A rain barrel is a vessel used to capture and temporarily store rainwater for future use. A rain barrel can be connected to a downspout from a roof; rain that is caught can later be used for watering the yard and garden. A traditional residential rain barrel consists of a barrel with a sealed, leaf/mosquito screen on the lid; a connection to a downspout; drain-hose or angled runoff pipe for overflows; and a spigot usually connected to a garden hose. Often the barrel is raised on cement blocks or put on a gravel foundation.
Some communities in Lake County have ordinances in place that require residential downspouts to be connected to an underground pipe. Check with your community if you are not sure. For homeowners in those communities who would like to purchase a rain barrel yet be in compliance with the local downspout connection ordinance, downspout diverters are available on-line.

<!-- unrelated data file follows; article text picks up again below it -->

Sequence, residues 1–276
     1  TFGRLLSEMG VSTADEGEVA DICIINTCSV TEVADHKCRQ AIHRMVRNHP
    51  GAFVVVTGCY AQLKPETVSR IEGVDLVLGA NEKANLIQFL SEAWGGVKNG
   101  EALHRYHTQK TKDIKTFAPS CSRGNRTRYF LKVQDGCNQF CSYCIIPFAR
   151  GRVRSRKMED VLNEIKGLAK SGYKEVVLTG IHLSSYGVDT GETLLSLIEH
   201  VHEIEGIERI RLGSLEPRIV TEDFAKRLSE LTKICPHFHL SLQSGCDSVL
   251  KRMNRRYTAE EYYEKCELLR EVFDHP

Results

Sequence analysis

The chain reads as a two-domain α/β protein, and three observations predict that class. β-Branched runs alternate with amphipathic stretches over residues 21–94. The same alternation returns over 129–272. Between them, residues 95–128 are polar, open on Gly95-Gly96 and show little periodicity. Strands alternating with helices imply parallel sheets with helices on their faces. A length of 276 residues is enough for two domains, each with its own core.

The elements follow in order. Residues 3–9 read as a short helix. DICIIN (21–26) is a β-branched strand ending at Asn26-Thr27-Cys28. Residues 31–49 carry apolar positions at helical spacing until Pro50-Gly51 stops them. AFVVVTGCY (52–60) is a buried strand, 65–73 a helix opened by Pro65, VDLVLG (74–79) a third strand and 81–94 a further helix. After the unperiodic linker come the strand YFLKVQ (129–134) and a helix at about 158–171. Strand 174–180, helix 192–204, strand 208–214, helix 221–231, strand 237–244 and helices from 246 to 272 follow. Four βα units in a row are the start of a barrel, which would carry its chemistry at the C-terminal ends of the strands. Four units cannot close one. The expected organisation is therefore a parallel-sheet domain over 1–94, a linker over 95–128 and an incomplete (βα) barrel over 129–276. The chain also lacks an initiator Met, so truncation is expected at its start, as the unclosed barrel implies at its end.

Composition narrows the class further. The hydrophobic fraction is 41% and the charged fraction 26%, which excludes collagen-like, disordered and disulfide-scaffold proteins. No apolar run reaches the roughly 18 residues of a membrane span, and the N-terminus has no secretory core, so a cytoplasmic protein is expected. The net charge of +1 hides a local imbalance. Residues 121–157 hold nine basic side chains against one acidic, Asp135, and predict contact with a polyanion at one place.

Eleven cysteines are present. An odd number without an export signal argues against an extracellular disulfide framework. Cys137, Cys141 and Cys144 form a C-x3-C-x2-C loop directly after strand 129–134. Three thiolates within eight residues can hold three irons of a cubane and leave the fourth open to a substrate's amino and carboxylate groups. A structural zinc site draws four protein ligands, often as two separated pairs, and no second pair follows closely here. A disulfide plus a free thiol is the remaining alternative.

- Encourages water conservation.
- Re-uses rain water saving water usage and money.
- Reduces runoff.
- Captures runoff before it has a chance to pick up pollutants that end up in nearby waterways.
- Easy to install.
Cisterns are large rainwater storage tanks. They are made out of any impervious, water-retaining material and are only distinguishable from rain barrels because they are larger and have a different shape. Located either above or below ground a cistern consists of a solid secure cover, a leaf/mosquito screen at the entrance, a coarse inlet filter with clean-out valve, overflow pipe, and a man hole, sump and drain to facilitate cleaning.
The benefits of a cistern are exactly the same as those of rain barrels, just at a larger scale due to greater roof area and larger volume of rainwater stored.
“Pennsylvania Stormwater BMP Manual,” Tredyffrin Township, Chester County Pennsylvania. www.tredyffrin.org/
“Rain Barrels and Cisterns,” Urban Design Tools: Low Impact Development, www.lid-stormwater.net/raincist_specs.htm
Cistern at Ryerson Woods Welcome Center, Riverwoods, IL